Is Body Armor Necessary for SHTF? – Is the Cost Worth it?
Is Body Armor Necessary for SHTF?
It seems like I’ve been having discussions about body armor nearly every day lately. Today we’re going to talk about whether body armor is actually needed during SHTF.
Is body armor necessary for SHTF? Body armor is necessary for SHTF if you want to be ready for periods of enhanced violence and conflict. You probably won’t need it every day, but there will most likely be situations where you would want it.
Saying that you need body armor for SHTF may seem a little paranoid to some. Let’s look at it a little closer and see how I came to that conclusion.
Table of Contents Is Body Armor Necessary for SHTF? Body Armor for SHTF Why Should you Own Body Armor? Body Armor for Preppers Plate Carrier vs. Body Armor Body Armor Expiration How is a Bulletproof Vest Supposed to Fit? What Size Body Armor Plates do I Need? Related Questions Body Armor for SHTF
In my opinion, you absolutely need body armor during an SHTF event. You simply don’t know what may happen during those periods. When the world gets turned upside down people may remain civil, but if there’s a time that they begin to struggle to get enough food or water for their families, the chances that everyone remains civil is almost non-existent.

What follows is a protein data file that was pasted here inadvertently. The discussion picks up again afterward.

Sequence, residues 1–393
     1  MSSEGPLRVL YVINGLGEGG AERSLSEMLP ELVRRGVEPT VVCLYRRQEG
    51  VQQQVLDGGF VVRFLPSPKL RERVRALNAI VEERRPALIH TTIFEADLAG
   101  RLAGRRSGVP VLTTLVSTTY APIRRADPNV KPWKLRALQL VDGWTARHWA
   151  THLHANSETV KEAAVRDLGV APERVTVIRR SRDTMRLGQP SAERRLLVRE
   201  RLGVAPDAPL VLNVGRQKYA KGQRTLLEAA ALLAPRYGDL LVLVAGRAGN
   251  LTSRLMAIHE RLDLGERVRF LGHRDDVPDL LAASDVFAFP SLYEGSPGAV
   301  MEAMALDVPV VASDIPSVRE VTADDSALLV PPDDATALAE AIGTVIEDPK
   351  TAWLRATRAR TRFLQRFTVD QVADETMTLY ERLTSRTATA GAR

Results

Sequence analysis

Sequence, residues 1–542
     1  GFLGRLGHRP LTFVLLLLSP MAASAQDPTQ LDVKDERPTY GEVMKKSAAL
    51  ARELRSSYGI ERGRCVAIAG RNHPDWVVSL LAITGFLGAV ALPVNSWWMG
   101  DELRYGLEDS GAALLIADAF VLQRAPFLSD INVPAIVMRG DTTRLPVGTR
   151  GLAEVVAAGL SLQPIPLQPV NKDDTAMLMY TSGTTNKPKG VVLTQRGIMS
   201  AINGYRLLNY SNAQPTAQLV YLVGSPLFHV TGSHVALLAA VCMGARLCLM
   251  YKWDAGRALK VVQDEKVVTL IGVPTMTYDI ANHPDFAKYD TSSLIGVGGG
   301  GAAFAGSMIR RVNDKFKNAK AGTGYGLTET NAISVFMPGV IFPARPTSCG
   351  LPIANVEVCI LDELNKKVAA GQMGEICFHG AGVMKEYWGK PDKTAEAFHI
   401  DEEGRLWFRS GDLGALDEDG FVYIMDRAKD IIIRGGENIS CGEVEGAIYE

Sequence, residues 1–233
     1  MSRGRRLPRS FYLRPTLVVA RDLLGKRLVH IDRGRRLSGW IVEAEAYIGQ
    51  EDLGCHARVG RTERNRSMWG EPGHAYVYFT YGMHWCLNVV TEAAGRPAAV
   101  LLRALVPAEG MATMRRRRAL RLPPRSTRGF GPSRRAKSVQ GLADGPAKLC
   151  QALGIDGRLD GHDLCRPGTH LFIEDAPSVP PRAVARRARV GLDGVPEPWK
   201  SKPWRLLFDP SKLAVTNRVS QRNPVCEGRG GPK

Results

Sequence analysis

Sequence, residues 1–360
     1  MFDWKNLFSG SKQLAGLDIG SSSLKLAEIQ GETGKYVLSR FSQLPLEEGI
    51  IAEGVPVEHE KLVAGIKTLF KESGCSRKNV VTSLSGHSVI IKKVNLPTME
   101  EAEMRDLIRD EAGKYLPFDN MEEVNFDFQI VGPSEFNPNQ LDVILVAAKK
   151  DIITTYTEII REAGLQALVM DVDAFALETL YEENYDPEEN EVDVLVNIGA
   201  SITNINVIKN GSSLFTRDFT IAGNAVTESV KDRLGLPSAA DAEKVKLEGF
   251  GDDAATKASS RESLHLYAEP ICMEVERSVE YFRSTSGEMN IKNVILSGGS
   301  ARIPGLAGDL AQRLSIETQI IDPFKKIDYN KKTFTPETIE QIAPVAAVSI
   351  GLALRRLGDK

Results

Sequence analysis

With the current availability of body armor to the civilian market, it makes almost no sense not to buy body armor. Unless you just absolutely can’t afford it, I highly suggest you put it on your list of things that you’ll eventually buy.
Is it more important than water, food, or a weapon to defend yourself? Absolutely not, but it’s still important in the grand scheme of things if you want to be able to defend yourself as best as you can.
Why Should you Own Body Armor?
Asking why you would need something is always a great place to start. It’s actually the first thing you should do whenever you’re trying to determine where you should prioritize a prepping purchase.